It's been five years since I opened the Truth In Aging store and it is a cause for celebration and reflection. The decision to sell products reviewed by the community was not taken lightly and it transformed Truth In Aging from a blog to a business. And so my reflections begin with the business context — in media, beauty and retail — that we are in. Times aren’t just changing. They are cataclysmic.
A few days ago, I was with a group of women with deep connections to media and beauty. Our discussion was sobering. We noted that magazines were all but dead. Indeed, Facebook’s advertising revenue (during the five years that Truth In Aging has had a shop) has overtaken (by a long chalk) the entire consumer magazine business in the US. Traditional media still has some influence, but there are now new influencers online, on Twitter, YouTube and Instagram. They are where the action is and they have changed the business model. When once beauty brands would buy an ad (in a magazine or on a website), they now buy an article.
Yes, most of the influential beauty bloggers and websites are operating a payola business model. The brand is paying for a nice article to be written about them. It is advertising masquerading as honest to goodness content. By the way, there is only a sliver of daytime TV left that isn’t payola. If you think the world was always like this, trust me (I’ve been doing this for more than 30 years), it is much worse.
With this trend emerging, an online store seemed to me to be the most transparent business model that Truth In Aging could adopt. We review products, write an honest review and, if we like it, we offer it for sale in our store. Every day I am asked whether we’ll take payment for writing reviews and every day I say no.
I am very proud of the Truth In Aging store. It is unique. It is curated by members of our community, it is stocked by products that work and do as little harm as possible and we give exposure and support to a myriad passionate, talented independent potion makers.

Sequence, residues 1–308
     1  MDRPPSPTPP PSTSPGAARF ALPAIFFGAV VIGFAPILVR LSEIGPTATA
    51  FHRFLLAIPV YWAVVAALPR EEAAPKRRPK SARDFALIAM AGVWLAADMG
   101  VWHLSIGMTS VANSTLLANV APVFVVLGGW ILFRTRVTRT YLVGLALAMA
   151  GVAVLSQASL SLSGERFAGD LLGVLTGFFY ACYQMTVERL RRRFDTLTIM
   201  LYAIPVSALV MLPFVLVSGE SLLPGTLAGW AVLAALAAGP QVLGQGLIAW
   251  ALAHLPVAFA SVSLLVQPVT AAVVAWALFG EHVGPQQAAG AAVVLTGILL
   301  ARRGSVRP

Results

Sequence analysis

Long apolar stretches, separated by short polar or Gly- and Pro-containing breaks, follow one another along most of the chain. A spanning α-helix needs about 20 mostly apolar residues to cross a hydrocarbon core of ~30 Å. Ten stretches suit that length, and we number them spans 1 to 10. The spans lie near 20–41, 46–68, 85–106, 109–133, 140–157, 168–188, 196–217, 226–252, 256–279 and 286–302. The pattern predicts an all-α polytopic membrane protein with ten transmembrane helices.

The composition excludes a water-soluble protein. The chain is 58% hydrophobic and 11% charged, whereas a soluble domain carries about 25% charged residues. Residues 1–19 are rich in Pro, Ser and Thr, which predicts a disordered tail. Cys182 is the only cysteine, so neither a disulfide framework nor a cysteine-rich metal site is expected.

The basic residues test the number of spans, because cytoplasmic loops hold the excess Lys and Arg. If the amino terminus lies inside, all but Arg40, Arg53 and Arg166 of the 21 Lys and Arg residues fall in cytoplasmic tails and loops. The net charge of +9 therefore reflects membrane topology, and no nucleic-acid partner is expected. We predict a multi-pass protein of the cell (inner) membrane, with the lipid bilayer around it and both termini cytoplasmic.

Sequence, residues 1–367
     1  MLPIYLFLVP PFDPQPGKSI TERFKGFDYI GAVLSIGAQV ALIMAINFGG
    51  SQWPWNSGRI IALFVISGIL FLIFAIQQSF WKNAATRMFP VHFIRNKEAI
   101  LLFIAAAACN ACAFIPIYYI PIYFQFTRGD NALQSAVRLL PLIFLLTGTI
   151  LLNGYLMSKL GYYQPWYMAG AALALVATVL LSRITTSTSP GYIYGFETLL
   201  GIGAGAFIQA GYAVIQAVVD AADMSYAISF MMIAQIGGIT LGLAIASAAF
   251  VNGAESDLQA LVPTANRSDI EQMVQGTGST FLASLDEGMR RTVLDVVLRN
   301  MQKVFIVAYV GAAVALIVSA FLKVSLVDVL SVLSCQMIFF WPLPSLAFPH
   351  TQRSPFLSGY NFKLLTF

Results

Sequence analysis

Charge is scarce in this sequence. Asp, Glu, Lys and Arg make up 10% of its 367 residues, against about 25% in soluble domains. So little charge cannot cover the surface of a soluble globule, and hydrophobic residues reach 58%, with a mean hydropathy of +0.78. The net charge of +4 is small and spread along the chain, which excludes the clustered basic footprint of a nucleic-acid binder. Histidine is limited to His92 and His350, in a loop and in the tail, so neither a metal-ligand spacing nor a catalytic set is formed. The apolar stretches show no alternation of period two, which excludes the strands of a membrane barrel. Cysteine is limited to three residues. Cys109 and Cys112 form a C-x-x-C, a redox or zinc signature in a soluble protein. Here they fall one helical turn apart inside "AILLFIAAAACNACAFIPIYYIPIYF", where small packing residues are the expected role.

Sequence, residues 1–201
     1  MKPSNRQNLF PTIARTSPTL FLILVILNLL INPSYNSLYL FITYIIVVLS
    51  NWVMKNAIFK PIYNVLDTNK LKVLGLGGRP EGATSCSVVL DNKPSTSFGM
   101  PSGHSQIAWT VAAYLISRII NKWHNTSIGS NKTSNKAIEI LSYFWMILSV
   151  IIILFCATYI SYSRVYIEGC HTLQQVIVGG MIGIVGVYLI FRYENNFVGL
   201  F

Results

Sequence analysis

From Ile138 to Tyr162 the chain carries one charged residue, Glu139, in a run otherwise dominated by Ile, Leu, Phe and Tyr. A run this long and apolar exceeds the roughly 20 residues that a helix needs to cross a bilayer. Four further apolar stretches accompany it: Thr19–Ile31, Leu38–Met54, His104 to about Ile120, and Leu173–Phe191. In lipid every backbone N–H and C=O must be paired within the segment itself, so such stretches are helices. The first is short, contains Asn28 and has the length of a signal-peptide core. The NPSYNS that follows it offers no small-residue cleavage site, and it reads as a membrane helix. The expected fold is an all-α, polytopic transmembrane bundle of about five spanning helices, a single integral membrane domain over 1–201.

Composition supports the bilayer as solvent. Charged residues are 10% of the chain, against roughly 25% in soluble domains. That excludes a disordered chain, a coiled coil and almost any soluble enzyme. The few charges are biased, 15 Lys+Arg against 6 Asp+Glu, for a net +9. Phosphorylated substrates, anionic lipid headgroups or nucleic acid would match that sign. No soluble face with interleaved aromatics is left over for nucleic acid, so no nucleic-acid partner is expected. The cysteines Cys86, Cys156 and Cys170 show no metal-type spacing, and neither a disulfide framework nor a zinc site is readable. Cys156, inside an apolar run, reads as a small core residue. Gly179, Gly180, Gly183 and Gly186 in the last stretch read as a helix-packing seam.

The business of being a store can be daunting. There are all the logistical issues of inventory management and shipping. We try to get great deals on hard to find products and that has an impact on margins. This leads to the other big trend that has evolved during the five years that we have had the Truth In Aging store: discounts, flash sales and the big flame outs. Daily sale sites and Amazon’s pricing policies have created a consumer market that expects a bargain. All to the good, except when the model becomes unsustainable and we are now witnessing the demise of Gilt, One King’s Lane, Fab and many others.
There is more to the Truth In Aging store than getting a deal. People come to us for information, for the truth about what works and what doesn’t. I am always struck by the candor and emotion that people convey when they ask for advice on what to buy. We hear so many stories, some uplifting, some heartbreaking, some thankful when our recommendations have helped. All are from women (and a few men) on a quest to look better and feel better about themselves. And this is what makes the Truth In Aging store more than just a shop.
The past five years have been an amazing journey in a rapidly changing world. I have a very strong feeling that this is just the start and the next five years will see many more shifts in the landscape. All I can do is brace myself, thank you all for your loyalty and stick to the truth.
What has Truth in Aging done for you over the years? I'd love to hear your #TIATruth in the comments and on social media!